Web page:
'Poldark' Review: Aidan Turner Proves He's More Than A Pair Of Pecs With Rousing Speech

Ross Poldark was fighting for his life at the Bodmin Assizes.

No scything, or even mining, in sight during the second episode of ‘Poldark’, which found Ross temporarily distracted from his usual business of glistening, with a desperate fight for his life at the Bodmin Assizes.

It seemed all was lost with the foiled efforts of those in his corner at trial - wife Demelza trying to sway the judge, friend Enys claiming he was of unsound mind. With supporters like that, he hardly needed the chicanery of his tireless foe, George Warleggan, and his bribes for everyone in the county to speak against Ross.

In the end, it was Ross himself who saved the day, with a resounding bit of rhetoric proving he’s a lot more than a mere chest-wig (not that there’s anything wrong with chest-wigs).

Ross Poldark was fighting for his life at the Bodmin Assizes
Ross Poldark was fighting for his life at the Bodmin Assizes

He defied his despairing counsel to stir the court with some rousing rhetoric, enough to quieten any detractors...

“The counsel has suggested that I am a revolutionary, but nothing could be further from the truth. The people who came upon the beach that day were ordinary people, law-abiding subjects.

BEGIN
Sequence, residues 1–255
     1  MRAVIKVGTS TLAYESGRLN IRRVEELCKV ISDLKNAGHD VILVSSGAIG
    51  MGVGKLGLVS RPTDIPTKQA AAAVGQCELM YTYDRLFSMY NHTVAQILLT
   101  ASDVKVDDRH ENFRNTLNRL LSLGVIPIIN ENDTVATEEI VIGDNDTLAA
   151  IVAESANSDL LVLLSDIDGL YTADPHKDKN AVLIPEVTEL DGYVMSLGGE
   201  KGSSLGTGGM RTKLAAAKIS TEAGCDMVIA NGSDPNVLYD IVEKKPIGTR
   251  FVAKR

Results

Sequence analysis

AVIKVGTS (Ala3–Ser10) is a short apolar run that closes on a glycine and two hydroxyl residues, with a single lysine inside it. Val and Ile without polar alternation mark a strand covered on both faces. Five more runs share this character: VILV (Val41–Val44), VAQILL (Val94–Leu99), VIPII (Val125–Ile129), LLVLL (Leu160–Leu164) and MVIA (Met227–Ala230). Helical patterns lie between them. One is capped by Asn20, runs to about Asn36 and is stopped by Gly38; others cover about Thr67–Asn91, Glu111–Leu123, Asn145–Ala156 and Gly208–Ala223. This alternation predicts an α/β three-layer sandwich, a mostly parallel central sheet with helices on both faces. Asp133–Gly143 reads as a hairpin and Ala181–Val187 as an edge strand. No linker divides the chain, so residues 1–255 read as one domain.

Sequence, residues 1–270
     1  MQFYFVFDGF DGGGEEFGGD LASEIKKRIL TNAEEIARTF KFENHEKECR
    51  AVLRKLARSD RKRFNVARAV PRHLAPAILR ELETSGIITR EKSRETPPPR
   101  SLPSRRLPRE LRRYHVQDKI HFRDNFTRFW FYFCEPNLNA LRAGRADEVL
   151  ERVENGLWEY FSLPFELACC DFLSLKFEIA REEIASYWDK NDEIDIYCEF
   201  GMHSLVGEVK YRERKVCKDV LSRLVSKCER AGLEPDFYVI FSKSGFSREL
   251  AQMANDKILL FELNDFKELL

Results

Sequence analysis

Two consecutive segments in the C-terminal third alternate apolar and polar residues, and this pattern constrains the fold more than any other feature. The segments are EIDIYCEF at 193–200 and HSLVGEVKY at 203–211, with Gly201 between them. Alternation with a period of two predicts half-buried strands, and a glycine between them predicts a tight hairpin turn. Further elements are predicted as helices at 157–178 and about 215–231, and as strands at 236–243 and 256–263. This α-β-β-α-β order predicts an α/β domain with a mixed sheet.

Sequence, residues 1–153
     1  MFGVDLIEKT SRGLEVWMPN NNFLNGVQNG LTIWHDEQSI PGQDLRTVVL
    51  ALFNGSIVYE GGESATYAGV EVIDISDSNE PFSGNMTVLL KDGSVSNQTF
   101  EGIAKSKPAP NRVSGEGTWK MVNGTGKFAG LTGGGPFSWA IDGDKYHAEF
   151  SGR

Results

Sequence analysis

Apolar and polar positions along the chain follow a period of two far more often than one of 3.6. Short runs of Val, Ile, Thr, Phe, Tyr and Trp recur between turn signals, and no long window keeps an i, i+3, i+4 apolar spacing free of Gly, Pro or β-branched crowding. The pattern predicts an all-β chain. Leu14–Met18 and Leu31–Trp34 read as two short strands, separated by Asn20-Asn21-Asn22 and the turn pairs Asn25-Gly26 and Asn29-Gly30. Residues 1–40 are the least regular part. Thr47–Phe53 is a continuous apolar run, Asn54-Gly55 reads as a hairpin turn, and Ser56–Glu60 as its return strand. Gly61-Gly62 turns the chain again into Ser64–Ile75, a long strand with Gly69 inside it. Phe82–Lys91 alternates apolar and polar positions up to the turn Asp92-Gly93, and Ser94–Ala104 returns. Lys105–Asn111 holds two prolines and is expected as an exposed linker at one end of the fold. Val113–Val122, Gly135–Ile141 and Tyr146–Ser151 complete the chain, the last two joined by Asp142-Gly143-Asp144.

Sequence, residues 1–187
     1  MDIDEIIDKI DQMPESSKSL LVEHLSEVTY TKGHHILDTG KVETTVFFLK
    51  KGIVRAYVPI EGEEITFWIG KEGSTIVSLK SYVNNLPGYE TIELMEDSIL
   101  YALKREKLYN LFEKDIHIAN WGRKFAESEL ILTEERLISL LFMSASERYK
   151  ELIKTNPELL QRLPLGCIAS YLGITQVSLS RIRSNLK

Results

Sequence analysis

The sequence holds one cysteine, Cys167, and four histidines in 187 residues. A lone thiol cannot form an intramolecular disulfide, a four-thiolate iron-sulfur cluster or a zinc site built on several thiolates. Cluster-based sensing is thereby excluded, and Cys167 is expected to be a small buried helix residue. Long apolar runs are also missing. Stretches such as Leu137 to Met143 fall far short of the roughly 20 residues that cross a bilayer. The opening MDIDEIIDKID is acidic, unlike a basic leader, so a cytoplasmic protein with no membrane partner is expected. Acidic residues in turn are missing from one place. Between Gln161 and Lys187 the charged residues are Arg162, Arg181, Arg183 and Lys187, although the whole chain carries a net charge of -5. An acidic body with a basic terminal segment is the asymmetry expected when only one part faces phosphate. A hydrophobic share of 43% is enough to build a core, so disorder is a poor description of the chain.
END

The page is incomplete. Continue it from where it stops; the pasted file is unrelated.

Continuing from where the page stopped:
“As to what happened when they came upon the beach, I ask you to think upon the traditions of our county. In times of dire need, when fathers have seen their children without a crust for their bellies or a rag for their backs, these pickings have been the means of keeping ordinary people alive. What else would you have them do after they had rescued the crew?

“You’ve asked if I was in my right mind - is it insanity to think that rich pickings strewn across a beach are better used to sustain those in need than return to those as only goalless profit? I cannot believe, I will not believe it.

“I make no apology for my actions. In truth, I would do the same again.”

And that, understandably, was that.

Line of the week:

His friend Dr Enys’s understated reaction to this persuasive polemic…

“I’ve heard more penitent speeches.”

So Ross lived to see another day as did, slightly less predictably, Francis Poldark, whose suicide attempt, it turned out, was foiled by some sort of jam. Elizabeth wept for at least one of these two outcomes, Demelza trembled with her new blossoming secret, and George Warleggan went back to his plotting, proving you can keep neither a good man nor a very naughty one down for long.

Scene of the week:

Prospective MP Unwin Trevaunance (Hugh Skinner) being pelleted by the mob while he bounced around in his chair like Barbra Streisand in ‘Yentl’. Okay, so his lead assailant was quickly sent to the noose for his insolence, but it was good while it lasted.

‘Poldark’ continues on BBC One. Episodes 1 and 2 are now on BBCiPlayer.

Poldark Series 2 - copyright BBC

Poldark Series 2

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